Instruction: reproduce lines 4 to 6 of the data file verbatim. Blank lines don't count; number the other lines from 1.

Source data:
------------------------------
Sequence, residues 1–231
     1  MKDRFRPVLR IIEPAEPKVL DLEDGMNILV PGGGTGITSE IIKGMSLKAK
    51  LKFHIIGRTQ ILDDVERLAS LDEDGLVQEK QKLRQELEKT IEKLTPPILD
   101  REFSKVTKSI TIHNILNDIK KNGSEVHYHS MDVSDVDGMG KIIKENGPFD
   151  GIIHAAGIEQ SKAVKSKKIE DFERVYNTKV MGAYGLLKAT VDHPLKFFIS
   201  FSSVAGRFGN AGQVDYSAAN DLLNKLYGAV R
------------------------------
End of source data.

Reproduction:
   101  REFSKVTKSI TIHNILNDIK KNGSEVHYHS MDVSDVDGMG KIIKENGPFD
   151  GIIHAAGIEQ SKAVKSKKIE DFERVYNTKV MGAYGLLKAT VDHPLKFFIS
   201  FSSVAGRFGN AGQVDYSAAN DLLNKLYGAV R